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Hope this is not too basic: What Statistical, Mathematical methods do we use to determine number of

classes and class membership in Latent Class Analysis?

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  • $\begingroup$ It could help to clarify this: when you say determine number of classes, how is that distinct from class membership? Class membership is a function of the model we just fit. $\endgroup$ – Weiwen Ng Jun 28 at 23:38
  • $\begingroup$ Well, I would say once we have the number of classes assuming an underlying model that says there are n classes, we would determine membership. I hope I am making sense here but ask otherwise. $\endgroup$ – MSIS Jun 29 at 0:16
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    $\begingroup$ Determining class membership is inherent to the model. It's not a separate step. This may be just an issue of nomenclature, though. $\endgroup$ – Weiwen Ng Jun 30 at 13:40
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Kathryn Masyn wrote an excellent introduction in 2013 with worked examples of latent class/profile analysis. She covers several model selection indicators, one of them being the Bayesian Information Criterion (BIC), plus two more information-based criteria. You want the smallest value of any of these information criteria. She stated that at the time, no single one was accepted as best.

She also mentions two modified likelihood ratio tests, the bootstrapped LRT (BLRT), and an adjusted likelihood ratio test proposed by Lo, Mendell, and Rubin (LMR LRT). You can't use a regular likelihood ratio test for reasons she explains. These modified LR tests compare models with $K$ versus $K-1$ latent classes; a test p-value <= 0.05 means that you would reject the $K-1$ class model in favor of the $K$ class model. p > 0.05 means both models explain the data about equally well, and because of Occam's Razor (i.e. prefer parsimonious explanations), you would keep the $K-1$ class model.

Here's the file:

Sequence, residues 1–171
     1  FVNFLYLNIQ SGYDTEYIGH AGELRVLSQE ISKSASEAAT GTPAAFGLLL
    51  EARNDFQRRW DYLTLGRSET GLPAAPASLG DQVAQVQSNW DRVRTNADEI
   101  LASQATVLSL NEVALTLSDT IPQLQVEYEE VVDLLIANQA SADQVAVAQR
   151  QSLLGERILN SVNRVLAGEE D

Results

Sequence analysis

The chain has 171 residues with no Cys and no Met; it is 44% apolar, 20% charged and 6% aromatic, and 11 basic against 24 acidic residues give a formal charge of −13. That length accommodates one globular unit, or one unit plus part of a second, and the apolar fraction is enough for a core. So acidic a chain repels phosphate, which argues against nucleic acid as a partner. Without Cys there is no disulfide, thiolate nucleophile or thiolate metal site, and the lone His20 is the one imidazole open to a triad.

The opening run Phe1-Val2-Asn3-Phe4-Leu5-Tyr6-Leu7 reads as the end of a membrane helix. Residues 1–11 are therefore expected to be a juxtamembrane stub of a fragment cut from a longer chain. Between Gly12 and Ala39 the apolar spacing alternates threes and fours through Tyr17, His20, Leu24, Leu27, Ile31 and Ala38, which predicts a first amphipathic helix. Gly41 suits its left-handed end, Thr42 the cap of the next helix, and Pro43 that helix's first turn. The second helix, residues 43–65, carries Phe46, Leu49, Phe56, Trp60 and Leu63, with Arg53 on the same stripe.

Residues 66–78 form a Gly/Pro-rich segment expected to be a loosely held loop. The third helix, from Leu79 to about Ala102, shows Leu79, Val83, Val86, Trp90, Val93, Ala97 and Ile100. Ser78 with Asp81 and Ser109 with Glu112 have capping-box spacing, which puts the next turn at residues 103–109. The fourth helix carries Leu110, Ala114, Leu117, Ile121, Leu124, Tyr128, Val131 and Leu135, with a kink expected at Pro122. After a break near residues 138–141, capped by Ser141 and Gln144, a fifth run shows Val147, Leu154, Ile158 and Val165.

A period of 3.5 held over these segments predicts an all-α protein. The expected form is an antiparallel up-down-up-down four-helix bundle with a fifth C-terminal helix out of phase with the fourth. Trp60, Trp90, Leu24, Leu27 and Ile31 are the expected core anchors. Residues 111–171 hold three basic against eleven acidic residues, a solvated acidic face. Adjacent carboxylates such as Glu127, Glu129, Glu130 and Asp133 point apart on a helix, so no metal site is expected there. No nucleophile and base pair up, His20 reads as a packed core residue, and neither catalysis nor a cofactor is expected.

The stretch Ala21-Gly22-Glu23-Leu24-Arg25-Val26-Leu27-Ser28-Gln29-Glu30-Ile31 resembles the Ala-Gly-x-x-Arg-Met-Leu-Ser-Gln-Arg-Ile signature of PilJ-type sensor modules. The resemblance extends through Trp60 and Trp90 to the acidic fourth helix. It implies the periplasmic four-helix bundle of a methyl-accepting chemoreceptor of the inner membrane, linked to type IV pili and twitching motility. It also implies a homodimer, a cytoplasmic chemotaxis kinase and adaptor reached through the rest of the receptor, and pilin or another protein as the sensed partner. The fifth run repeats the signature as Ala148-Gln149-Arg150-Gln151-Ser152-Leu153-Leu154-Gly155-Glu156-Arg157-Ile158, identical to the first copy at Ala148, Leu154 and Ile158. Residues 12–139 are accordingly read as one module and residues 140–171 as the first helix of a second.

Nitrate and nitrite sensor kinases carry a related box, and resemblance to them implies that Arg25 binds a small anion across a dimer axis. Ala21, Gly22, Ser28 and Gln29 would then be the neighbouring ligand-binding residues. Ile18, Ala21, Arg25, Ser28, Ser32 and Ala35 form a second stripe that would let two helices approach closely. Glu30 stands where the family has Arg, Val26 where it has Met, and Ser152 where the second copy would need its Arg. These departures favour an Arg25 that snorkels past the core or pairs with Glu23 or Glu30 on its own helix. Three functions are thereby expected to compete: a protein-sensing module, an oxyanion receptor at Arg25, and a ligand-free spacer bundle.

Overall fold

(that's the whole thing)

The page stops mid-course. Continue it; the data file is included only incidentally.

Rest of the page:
A 2007 simulation study by Karen Nylund et al (note: this is more technical) revealed that the LMR LRT had higher rates of false-positive results (i.e. it would wrongly select a less parsimonious explanation of the data) than the BLRT. They also found that the BIC was the best of the information criteria that they examined.

However, if you're considering the BLRT over the LMR LRT, note Nylund et al's discussion on page 565. With the BLRT, you're simulating data based on your model results and testing $K$ vs $K-1$ classes (I'm not sure this really qualifies as bootstrapping, but this is what everybody calls it). You're assuming that reality corresponds to the model you are testing, then you simulate data based off that model, and then you obtain the empirical distribution of the difference of -2 * the log likelihood. Now, latent profile analysis typically assumes normally distributed indicators. (Some programs/packages are capable of handling other indicator types, but the same critique would apply). What if that's not reality? What if you assumed normal indicators but they're really counts? What if the empirical distribution of the indicators is really skewed, but isn't well modeled by another distribution either? Then the BLRT results might mislead you. Again, Nylund et al show that when we know that the data generating process corresponds to how we model the indicators in LCA/LPA, the BLRT will outperform the LMR test - but in reality, we do not know the data generating process.

No one method to select the number of latent classes is perfect. Masyn basically said try several. If you have software that can do the BLRT, I'd consider what I said about the distribution of the indicators before I totally hung my hat on that test's result. Latent class analysis is a complex technique. We are also trying to describe a complex reality. All models are wrong. Don't be too hung up on one particular indicator.

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